Sunday, April 20, 2008

High Food Prices

According to United States Department of Labor, the index for grocery store food prices has increased 5.9 percent annual rate. The forecasts for food prices show a trend of increase to 3.5 - 4.5 percent. Many people blame the rising in food prices is due to corn ethanol, where we observe the recent rise in corn prices in the supermarket. Technology Review published by MIT states “rising corn prices are already affecting everything from the cost of tortillas in Mexico City to the cost of producing eggs in the United States” (Sauser, 2007). The price of tortillas not only doubled in the past year, and has affected animal feed especially poultry and pork. David Victor, director of the Program on Energy and Sustainable Development at Stanford University says it is almost certain that most of the rise in corn prices is due to the U.S. ethanol policy.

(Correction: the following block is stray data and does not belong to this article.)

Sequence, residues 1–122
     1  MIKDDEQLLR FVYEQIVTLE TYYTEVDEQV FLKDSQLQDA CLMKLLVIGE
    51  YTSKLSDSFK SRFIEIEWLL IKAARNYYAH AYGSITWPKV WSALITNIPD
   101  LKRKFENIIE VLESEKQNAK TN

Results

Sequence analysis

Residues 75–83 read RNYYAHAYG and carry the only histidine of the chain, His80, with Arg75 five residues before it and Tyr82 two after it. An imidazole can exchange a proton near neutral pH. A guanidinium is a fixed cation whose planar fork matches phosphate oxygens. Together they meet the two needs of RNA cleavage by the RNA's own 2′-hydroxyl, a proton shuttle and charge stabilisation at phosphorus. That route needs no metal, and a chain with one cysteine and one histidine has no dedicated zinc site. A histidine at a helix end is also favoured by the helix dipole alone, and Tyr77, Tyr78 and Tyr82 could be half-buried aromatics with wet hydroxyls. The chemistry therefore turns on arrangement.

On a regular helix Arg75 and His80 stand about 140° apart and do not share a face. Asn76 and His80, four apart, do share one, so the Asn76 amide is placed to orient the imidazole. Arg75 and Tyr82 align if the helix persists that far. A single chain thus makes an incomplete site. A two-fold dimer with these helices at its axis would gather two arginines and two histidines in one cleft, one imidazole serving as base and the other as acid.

However, it is noted that the crop prices rising is also due to “imbalance of supply and demand” (Kanellos, 2008). Based on the article from CNET News, Steve Koonin, chief scientist at BP and a former faculty member at Caltech, thinks “the emerging world is consuming more food, and the imbalance has been exacerbated in recent years because of crop failures in the Ukraine and the Midwest.” Also, Fuel has also worsened the situation since the fossil fuel is directly related to transportation cost. Koonie believes the situation will only get worse and become the “defining challenge of the next couple of decades” (Kanellos, 2008)

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